The Anatomy of a Journey

Posted by Jill Carattini, on March 10, 2017
Topic: A Slice of Infinity

The lections of the Christian celebration of Lent are full of God’s love of journeys: crossings from darkness into light, blindness to vision, the familiar to the unexpected, thirst to a place of provision. We find journeys beside still waters, through dark valleys and green pastures to a table prepared in the presence of enemies, pathways from Tyre through Sidon to the Sea of Galilee to a valley of dry bones, the tomb of a friend, and a well in Samaria.(1) Along the way, we are given constant reminders to keep watch and be alert. We hear in these stories that whatever journey on which we find ourselves, there are surely signs of God stirring, a kingdom emerging, the possibility of unexpected hope rising to life. “[T]he hour is coming, and is now here, when the dead will hear the voice of the Son of God, and those who hear will live,” says Jesus in John 5:25. God loves the very anatomy of a journey, not for the sake of perpetual motion, but for the sake of guidance and restoration the Spirit brings along the way.

The story of Philip in Acts chapter 8 formally introduces us to a word God exemplifies throughout the journey-stories of Scripture. Heeding the command of the Spirit to get up and head toward the south, Philip encounters an Ethiopian man on his way home from worship in Jerusalem. The man was reading from the book of Isaiah, so Philip asked him, “Do you understand what you are reading?” The man replies, “‘How can I, unless someone guides me?’ And he invited Philip to get in and sit beside him.”(2) The words chosen by the Ethiopian in this exchange are absolutely crucial. He invited Philip not to spell things out for him but to guide him. Eugene Peterson explains, “The Greek words for ‘explain’ and ‘guide’ share the same verbal root, ‘to lead,’ and have a common orientation in and concern for the [scriptural] text. But the explainer, the exegete, leads the meaning out of the text; the guide, the hodegete, leads you in the way (hodos) of the text.”(3) Philip was given an invitation to do far more than explain an ancient text. He was invited to join the journey, to climb into the chariot, spend some time on a similar path, and show the Ethiopian how to walk in it. Philip answered the invitation by coming nearer and sitting down beside the one who asked. How much more does God do so for humanity.

Henry Ossawa Tanner, The Pilgrims of Emmaus, oil on canvas, 1905.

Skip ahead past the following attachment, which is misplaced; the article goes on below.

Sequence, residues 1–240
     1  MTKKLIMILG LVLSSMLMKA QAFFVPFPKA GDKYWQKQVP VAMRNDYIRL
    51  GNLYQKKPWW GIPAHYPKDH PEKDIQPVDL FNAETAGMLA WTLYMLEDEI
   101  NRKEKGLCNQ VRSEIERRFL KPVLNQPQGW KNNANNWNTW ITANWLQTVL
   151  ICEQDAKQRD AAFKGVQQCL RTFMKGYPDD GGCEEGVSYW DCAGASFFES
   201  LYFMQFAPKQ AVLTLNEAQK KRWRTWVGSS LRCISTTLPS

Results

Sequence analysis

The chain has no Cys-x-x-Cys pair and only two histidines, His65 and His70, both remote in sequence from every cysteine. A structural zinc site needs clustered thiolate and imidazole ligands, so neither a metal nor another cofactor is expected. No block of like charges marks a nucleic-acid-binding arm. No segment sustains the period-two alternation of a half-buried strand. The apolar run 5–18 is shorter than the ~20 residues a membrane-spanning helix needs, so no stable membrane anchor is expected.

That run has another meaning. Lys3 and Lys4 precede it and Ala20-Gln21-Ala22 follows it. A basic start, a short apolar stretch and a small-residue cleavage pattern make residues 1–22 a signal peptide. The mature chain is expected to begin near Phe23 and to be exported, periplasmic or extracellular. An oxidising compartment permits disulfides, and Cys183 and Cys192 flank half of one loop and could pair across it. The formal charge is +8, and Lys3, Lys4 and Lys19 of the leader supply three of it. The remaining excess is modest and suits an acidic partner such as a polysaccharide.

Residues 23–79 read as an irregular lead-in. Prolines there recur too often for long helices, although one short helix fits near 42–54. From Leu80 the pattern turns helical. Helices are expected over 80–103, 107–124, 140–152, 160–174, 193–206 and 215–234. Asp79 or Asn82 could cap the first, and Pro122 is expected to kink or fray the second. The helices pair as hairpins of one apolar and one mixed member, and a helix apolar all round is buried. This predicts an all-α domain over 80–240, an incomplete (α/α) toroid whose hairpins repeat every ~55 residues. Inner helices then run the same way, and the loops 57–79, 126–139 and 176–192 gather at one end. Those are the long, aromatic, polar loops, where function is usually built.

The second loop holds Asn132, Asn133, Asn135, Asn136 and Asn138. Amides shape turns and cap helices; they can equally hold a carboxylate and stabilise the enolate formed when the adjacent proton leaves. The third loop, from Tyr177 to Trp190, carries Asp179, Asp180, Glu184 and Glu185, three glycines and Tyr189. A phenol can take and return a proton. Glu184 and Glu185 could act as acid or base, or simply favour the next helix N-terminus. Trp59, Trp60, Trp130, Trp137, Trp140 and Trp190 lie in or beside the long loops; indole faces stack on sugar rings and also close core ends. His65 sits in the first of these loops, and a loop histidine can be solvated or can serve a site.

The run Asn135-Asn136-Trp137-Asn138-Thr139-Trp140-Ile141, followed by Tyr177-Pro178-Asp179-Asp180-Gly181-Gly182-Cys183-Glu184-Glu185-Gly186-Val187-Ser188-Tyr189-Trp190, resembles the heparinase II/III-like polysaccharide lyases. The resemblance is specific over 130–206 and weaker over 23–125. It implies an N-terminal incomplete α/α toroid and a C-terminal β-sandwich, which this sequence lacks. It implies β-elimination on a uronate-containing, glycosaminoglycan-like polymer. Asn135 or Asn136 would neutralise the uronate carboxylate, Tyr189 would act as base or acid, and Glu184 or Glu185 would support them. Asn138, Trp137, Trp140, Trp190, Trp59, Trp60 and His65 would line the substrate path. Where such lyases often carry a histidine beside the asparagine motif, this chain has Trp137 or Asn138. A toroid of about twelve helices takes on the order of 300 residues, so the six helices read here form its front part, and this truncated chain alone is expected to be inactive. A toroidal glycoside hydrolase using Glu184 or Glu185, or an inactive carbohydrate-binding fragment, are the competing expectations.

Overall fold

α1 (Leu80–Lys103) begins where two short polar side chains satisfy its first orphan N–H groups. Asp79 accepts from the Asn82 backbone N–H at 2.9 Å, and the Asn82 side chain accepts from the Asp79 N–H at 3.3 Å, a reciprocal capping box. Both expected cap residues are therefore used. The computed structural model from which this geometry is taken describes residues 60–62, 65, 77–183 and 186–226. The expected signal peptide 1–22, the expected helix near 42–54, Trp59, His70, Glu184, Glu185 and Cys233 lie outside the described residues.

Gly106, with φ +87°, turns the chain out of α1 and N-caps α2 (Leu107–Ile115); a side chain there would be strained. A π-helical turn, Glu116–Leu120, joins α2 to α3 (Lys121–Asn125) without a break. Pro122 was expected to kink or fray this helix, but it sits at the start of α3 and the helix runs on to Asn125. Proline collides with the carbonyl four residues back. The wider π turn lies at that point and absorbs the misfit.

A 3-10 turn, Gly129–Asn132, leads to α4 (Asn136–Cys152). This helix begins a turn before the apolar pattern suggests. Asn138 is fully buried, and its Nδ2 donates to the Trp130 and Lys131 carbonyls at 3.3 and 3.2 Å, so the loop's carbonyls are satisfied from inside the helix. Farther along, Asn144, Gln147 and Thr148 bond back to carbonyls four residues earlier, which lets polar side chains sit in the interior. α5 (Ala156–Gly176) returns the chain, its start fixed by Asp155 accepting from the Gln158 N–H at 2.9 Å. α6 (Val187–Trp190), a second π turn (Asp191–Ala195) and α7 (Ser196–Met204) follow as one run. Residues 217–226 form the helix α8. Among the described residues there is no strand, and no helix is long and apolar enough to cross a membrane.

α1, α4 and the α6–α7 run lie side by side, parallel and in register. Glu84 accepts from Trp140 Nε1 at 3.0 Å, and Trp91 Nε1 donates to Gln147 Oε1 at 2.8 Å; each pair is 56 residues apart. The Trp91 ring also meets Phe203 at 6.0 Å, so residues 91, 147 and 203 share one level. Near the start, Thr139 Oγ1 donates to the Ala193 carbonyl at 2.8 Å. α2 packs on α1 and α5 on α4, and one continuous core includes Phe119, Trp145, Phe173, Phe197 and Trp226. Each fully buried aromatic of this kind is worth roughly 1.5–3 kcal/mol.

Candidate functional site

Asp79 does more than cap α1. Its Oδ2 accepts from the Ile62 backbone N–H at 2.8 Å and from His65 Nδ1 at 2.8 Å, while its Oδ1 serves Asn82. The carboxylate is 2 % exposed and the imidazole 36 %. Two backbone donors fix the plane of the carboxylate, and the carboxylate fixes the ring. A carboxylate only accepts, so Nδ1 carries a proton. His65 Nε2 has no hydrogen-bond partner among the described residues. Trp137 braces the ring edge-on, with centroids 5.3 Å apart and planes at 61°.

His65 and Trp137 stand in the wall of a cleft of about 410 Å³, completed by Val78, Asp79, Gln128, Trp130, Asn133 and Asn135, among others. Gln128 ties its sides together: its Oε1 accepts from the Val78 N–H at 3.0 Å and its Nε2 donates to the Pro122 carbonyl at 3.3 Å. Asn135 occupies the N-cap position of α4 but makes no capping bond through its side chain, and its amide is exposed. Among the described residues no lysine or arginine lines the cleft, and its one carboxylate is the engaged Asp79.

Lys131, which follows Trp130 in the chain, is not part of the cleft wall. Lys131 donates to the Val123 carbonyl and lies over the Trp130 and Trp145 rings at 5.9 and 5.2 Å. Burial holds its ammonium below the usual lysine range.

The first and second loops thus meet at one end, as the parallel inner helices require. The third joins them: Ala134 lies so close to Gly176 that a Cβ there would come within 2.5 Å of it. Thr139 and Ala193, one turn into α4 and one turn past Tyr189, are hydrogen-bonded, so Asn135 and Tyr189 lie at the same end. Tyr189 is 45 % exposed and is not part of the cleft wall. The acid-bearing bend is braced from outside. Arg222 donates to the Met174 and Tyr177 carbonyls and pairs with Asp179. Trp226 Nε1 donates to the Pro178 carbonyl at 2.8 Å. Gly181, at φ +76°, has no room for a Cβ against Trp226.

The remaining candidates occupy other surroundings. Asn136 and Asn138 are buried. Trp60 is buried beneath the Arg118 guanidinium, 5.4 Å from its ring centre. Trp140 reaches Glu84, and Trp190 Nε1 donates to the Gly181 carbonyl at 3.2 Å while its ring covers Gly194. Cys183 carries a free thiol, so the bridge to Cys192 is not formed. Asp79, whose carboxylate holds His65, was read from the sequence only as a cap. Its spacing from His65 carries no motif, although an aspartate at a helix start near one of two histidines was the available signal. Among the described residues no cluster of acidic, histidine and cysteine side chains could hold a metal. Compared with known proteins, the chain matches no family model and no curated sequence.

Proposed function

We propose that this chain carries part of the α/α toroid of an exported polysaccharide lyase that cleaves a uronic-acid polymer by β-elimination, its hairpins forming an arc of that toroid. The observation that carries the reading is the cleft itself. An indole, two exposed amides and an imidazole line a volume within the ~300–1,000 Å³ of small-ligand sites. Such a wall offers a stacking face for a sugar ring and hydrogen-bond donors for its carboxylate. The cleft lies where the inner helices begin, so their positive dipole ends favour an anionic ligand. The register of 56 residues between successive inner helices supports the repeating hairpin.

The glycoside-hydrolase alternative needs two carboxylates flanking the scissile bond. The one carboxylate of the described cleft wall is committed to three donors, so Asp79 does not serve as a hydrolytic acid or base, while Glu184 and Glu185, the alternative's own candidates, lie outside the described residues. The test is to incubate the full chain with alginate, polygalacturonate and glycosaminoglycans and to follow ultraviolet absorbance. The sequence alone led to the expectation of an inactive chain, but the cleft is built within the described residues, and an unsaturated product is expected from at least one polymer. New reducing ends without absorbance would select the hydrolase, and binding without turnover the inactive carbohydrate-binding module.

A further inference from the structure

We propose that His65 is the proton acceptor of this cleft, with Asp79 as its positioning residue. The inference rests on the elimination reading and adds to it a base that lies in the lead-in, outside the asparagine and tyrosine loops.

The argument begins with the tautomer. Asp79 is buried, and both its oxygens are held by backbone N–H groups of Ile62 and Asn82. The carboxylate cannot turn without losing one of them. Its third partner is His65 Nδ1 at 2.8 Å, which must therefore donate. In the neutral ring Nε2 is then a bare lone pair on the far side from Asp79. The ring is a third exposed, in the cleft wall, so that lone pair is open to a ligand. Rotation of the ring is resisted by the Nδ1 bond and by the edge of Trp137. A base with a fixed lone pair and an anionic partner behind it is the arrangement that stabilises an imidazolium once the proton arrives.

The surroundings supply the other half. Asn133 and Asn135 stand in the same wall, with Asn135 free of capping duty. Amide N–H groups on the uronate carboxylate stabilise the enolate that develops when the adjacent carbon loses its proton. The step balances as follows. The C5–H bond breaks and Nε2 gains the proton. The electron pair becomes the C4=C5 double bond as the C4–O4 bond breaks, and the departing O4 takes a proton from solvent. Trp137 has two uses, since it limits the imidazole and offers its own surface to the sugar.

Throughout the historical accounts of God’s people on journeys great and small are the signs of a God who goes with us, who acts as our guide through the blinding experiences of sorrow and sin, death and disillusionment, who makes us lie down in green pastures, who leads us beside still waters, and who restores our souls. This is not a God who has sent a manual on how to walk through life successfully, occasionally offering from a distance an explanation of the text. On the contrary, it is a God who answers the journey of life as nothing other than Immanuel, as one who is with us, one who sends the Son to show us the way and the Spirit to guide us as we learn to walk in it. “For how are they to call on one in whom they have not believed? And how are they to believe in one of whom they have never heard? And how are they to hear without someone to proclaim him?” asks Paul.(4) Far more than simply explaining the answers, God came near enough to physically show us, leaving us with one even greater who “guides us into all truth.”(5) The God who loves journeys is ever moving in such a way as to assure us that we never need walk alone.

In the same way that our lives repeat the twists and wanderings of the biblical narratives, our journeys in the days heading toward the celebration of Holy Week and Easter lead us beside quiet waters and through valleys of shadow and death. But we do not walk alone. Once again we are guided to the cross, taken by one who never deserved to be there yet who went willingly, lead by the lamb himself to the place where he took away the sins of the world. Peterson describes the gift of Christ as our guide: “It is the difference between the shopkeeper who sells maps of the wilderness and the person who goes with you into it, risking the dangers, helping to cook the meals, and sharing the weather.”(6) On the way toward the wilderness of holy week, might we keep alert, stay awake, and treasure the presence of one who leads us to the great and unexpected hope of the kindness of God.

 

Jill Carattini is managing editor of A Slice of Infinity at Ravi Zacharias International Ministries in Atlanta, Georgia.

 

(1) Genesis 12:1-4a, John 4:5-42, Genesis 44:1-17, Psalm 23:1-6, John 9:1-41, Ephesians 5:8-14, John 11:1-45, Ezekiel 37:1-14, etc.
(2) Acts 8:31.
(3) Eugene Peterson, Working the Angles: The Shape of Pastoral Integrity (Grand Rapids: Eerdmans, 1987), 128.
(4) Romans 10:14.
(5) John 16:12.
(6) Peterson, 128.